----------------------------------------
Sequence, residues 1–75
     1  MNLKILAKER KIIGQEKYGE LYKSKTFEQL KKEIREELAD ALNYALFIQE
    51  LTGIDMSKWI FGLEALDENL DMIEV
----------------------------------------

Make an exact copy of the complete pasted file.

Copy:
Sequence, residues 1–75
     1  MNLKILAKER KIIGQEKYGE LYKSKTFEQL KKEIREELAD ALNYALFIQE
    51  LTGIDMSKWI FGLEALDENL DMIEV